Meenakshi Umesh

Sustainable Living for the Win!

Meenakshi Umesh believes that the route to knowing oneself is through hands on work. And the hands on work of her choice? Designing, constructing and further manually working towards a more sustainable and organic way of life.

When we learn about ourselves, we learn about the universe. And the opportunity of learning about ourselves presents itself through manual work, in cooperation with others in the natural environment. When a child creates objects of use in daily life there is a sense of accomplishment and it feels happy and content. Further, a content mind houses a gentle soul and a kind heart. Which in turn, knows empathy and forgiveness. And ultimately, this leads to peace with oneself and the universe!

My name is Meenakshi Umesh and my choice of work is in the field of Sustainable Architecture. Trained as an architect at Sir J.J. College of Architecture, Mumbai, I subsequently finished my Masters in Applied Psychology.

After my graduation in '89, I went to Auroville, near Pondicherry to work with Mr. Poppo, a renowned architect who specialises in cost-effective technology. Alongside the designing bit, I also did some hands-on work on a building, working with masons, workers, and carpenters.

From there I went on to Bangalore to work for a Delhi based NGO called Development Alternatives. Here I got a chance to work with mud as a building material. Thence I moved to Gudalur, to an organisation called Accord that wanted to build mud houses for the tribals of the Nilgiri district. I designed and constructed the building using a team from Auroville.

In April 1992, my husband and I bought a piece of land in Dharmapuri district. It is a backward, drought prone region and the land we bought was a hill slope, totally degraded except for a few shrubs. In the last ten years we have planted a variety of trees, done a lot of water harvesting and soil conservation work. This has led to the land slowly recovering and regenerating itself.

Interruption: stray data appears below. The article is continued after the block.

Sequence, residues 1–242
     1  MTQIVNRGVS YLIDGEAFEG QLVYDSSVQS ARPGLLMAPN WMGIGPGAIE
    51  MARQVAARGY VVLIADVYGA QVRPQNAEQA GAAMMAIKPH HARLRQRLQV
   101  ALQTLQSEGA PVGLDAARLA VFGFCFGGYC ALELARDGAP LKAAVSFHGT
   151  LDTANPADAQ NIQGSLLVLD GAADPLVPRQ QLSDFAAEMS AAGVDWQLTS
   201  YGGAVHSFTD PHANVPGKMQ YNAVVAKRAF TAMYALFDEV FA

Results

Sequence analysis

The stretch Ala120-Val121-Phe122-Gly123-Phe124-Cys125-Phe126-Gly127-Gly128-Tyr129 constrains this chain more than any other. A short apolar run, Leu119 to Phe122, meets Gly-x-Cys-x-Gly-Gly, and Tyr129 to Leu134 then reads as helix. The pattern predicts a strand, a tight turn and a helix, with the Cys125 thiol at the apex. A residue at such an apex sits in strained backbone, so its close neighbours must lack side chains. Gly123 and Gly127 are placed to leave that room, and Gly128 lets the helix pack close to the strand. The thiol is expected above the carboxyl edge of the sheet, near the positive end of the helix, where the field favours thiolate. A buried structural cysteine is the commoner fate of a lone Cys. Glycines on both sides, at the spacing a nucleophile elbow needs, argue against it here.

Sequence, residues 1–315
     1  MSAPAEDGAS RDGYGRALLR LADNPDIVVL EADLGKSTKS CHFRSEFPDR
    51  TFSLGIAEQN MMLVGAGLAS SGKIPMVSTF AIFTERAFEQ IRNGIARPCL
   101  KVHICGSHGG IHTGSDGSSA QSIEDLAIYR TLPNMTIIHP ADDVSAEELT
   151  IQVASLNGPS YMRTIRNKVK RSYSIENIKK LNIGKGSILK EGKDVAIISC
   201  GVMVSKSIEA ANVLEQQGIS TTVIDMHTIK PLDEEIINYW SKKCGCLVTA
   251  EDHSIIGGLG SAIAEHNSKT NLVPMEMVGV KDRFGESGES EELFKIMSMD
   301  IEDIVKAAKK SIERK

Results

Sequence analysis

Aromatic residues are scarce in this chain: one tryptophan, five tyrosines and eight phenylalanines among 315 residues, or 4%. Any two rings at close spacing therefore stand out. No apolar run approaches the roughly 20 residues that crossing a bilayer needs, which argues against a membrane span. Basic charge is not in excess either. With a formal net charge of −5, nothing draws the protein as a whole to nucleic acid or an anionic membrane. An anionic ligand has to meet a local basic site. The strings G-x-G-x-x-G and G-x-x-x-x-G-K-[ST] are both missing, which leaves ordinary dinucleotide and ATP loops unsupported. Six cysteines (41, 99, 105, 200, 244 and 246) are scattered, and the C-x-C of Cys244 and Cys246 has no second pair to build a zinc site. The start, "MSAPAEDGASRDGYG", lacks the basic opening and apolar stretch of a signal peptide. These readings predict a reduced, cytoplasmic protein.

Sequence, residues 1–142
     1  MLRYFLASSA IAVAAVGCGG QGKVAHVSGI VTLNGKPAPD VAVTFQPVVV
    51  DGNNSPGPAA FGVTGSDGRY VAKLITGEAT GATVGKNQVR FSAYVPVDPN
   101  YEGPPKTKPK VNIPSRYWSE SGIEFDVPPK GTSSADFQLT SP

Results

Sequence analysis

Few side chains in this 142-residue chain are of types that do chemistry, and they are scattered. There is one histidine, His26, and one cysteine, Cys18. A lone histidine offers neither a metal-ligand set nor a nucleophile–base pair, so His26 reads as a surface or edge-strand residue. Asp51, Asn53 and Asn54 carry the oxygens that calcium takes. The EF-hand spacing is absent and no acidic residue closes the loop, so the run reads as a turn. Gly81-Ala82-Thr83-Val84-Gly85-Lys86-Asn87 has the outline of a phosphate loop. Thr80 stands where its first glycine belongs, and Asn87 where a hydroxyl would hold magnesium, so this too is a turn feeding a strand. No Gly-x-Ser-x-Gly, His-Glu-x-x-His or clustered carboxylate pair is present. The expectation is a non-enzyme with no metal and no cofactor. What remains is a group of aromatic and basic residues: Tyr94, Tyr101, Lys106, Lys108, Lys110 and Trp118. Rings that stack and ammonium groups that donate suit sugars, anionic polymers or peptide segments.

The first three years we did a lot of dry land farming, growing and eating local millet and pulses. But the rains were steadily getting more and more erratic and in October 1997 we bought some land with a good water source so that we could be self-sufficient in terms of food.

By 1999, we had finally established ourselves in the area. We had been doing organic farming for about six years on our land, growing paddy, wheat, green gram, toor, black gram, turmeric, coriander, bananas, etc. Our neighbours were getting convinced that chemicals can be done away with. We then decided to start work with the local people and help them shift to organic methods.

We felt that long-lasting change could be brought about only by introducing the children to these methods. Through their experience, we thought the kids would slowly convince their parents to see things more holistically.

So in the year 2000, I started a learning centre. In our learning centre we are very focused on farming. Most of the kids that come to our school are kids of marginal farmers. And in 2004, we started the Surabhi Niwas Hostel where we house children of migrant labourers and educate them.


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